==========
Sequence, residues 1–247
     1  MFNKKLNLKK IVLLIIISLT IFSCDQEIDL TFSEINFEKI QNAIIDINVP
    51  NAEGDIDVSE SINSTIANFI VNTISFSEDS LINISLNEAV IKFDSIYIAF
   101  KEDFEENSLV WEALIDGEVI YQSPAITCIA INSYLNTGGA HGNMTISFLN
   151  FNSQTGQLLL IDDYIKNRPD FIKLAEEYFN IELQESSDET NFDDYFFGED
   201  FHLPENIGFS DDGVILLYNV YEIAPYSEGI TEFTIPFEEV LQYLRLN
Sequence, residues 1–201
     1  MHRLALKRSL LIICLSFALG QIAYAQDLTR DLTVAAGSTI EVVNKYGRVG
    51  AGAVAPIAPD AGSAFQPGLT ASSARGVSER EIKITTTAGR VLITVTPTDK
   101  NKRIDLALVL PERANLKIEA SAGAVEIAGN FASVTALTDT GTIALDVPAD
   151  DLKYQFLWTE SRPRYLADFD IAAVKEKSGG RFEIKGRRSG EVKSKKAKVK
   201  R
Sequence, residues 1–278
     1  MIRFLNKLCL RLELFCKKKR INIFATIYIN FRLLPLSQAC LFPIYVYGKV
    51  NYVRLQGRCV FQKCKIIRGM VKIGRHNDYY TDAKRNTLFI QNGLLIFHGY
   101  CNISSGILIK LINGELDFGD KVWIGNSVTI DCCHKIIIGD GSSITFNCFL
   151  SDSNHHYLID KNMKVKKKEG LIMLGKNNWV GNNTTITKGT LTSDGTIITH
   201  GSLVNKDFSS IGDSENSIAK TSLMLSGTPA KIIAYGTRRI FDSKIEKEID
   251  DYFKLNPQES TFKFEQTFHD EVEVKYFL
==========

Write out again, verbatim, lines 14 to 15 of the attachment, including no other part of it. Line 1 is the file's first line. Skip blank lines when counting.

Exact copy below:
     1  MIRFLNKLCL RLELFCKKKR INIFATIYIN FRLLPLSQAC LFPIYVYGKV
    51  NYVRLQGRCV FQKCKIIRGM VKIGRHNDYY TDAKRNTLFI QNGLLIFHGY